As someone who has previously compared our search for unattainable and unworthy life goals to the pursuit of the artificial hare by racing greyhounds I was very excited to find the above story and video.
It seems that one cold night an Australian hare decided that of all the places to take its evening stroll, the local dog track would prove the one most congenial to its happiness and well-being. But my interest lies not in the skewed reasoning of the hare, instructive though that may be, but in the reaction of six dogs, who were at that very moment engaged in their eternally unsuccessful pursuit of the dummy hare. Moreover whilst I applaud the quick thinking of Ginny Lou, the one mutt who diverted her attention to the real hare, my real concern is with the five greyhounds who carried on chasing the dummy one.
Never mind thirty years of hurt, how many generations of greyhounds have waited for this very moment, when they would actually get a chance to catch the real thing? So it was a real pity that only one dog took its chance ....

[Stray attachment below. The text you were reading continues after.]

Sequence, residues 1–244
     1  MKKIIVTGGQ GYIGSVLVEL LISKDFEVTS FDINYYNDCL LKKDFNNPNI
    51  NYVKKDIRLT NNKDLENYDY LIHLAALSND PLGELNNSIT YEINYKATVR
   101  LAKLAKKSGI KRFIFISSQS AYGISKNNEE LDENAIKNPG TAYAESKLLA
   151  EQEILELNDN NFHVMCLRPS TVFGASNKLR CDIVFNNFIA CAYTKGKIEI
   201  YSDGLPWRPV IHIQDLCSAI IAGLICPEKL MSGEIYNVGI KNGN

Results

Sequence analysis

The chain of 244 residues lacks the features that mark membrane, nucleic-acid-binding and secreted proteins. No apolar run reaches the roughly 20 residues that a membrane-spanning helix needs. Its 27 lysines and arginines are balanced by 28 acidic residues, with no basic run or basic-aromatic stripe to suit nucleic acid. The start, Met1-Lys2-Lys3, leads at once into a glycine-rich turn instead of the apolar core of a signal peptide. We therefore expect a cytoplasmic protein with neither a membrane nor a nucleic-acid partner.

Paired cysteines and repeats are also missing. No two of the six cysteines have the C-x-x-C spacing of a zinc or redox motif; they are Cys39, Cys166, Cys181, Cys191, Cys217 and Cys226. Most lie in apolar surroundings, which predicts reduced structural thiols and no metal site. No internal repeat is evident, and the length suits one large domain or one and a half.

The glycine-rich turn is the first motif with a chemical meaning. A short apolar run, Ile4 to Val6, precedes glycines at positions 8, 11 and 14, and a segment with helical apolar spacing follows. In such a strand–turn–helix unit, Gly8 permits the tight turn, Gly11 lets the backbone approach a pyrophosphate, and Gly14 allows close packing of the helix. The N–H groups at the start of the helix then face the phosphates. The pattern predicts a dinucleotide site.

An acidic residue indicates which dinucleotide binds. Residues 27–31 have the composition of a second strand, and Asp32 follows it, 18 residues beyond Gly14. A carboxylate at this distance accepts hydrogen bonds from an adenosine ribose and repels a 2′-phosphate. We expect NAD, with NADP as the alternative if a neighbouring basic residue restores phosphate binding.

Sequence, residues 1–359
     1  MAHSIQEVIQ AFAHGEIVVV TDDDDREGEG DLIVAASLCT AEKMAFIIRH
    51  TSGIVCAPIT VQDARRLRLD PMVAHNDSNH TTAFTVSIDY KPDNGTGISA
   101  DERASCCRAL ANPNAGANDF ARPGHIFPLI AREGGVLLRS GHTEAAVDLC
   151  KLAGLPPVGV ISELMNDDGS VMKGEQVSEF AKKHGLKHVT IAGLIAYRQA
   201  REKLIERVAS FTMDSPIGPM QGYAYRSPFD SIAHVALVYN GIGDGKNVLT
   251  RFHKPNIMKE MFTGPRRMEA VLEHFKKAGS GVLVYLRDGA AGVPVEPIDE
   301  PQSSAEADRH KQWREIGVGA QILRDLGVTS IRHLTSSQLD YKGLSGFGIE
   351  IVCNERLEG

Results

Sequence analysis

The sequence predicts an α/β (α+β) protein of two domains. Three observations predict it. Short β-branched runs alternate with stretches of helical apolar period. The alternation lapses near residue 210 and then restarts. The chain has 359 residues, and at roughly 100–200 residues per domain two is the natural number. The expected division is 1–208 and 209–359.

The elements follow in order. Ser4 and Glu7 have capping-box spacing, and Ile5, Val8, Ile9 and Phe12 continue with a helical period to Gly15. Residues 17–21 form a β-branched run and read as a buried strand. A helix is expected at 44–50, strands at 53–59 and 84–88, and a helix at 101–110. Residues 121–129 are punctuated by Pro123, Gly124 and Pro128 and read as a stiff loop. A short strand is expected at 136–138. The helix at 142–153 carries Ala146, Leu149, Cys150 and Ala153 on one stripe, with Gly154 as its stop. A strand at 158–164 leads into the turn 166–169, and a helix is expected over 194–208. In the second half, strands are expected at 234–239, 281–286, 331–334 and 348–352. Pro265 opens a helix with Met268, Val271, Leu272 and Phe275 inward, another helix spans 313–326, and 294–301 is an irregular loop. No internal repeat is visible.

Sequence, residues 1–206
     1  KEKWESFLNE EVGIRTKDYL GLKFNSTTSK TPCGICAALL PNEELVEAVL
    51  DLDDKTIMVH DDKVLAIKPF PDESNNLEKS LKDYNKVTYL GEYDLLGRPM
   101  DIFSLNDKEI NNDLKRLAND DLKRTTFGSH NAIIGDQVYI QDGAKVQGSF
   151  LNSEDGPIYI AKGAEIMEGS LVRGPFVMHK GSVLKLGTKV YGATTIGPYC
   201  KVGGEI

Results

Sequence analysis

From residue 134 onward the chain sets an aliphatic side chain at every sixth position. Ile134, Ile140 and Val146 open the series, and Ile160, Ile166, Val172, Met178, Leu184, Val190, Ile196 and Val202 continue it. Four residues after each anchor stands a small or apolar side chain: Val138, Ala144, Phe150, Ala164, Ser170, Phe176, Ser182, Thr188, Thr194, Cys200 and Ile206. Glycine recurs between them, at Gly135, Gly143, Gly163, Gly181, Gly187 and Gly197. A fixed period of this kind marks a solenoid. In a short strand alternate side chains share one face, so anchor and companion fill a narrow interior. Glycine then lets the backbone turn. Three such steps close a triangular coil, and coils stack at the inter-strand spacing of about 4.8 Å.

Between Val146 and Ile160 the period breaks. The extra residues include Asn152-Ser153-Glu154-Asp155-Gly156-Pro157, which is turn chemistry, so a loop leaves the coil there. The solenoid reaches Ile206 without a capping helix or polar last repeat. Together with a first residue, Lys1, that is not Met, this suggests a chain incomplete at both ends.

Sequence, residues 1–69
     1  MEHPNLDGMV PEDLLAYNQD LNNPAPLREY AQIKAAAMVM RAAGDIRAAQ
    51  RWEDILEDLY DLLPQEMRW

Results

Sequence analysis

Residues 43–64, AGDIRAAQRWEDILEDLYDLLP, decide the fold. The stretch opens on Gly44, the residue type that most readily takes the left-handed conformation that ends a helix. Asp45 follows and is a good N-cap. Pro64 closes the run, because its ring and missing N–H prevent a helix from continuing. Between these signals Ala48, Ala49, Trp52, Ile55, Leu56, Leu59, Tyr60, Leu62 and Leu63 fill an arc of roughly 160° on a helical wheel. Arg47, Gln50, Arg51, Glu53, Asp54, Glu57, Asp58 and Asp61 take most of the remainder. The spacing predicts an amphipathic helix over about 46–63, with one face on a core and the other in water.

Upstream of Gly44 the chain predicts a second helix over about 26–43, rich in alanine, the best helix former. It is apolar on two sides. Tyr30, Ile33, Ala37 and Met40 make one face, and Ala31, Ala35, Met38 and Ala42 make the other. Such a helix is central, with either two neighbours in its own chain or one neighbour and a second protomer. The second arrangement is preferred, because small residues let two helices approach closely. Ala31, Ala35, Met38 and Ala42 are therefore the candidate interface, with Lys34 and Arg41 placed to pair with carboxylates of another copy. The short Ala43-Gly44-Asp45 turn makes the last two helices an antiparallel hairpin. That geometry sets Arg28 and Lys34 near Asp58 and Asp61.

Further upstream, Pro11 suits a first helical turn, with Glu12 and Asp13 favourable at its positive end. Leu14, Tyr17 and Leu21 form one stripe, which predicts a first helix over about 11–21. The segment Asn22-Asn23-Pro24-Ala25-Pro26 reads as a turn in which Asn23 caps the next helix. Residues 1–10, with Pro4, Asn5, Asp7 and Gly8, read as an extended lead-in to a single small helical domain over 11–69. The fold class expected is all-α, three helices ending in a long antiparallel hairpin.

What really interests me more than leporine or canine stupidity is how this relates to human beings and the meaning of our lives. I wonder whether it could be the case that some of us are like those greyhounds, chasing after things that either we aren't going to get or if if we did get them we'd be disappointed.
What are the dummy hares in our lives? Money, success, promotion, praise and some achievements might all sometimes be metaphorical dummy hares for humans.
Conversely, what attainable goals might actually bring more meaning to your life? Friendship, love, helping others, adventure and fun are likely candidates -or can you think of better ones?
I'll end with the most important question of all. If these and other attainable ways to meaning came your way, would you, like Ginny Lou, notice them and change direction or would you, like the other five dogs, carry on serenely down the path to meaninglessness?
Or am I being too pessimistic?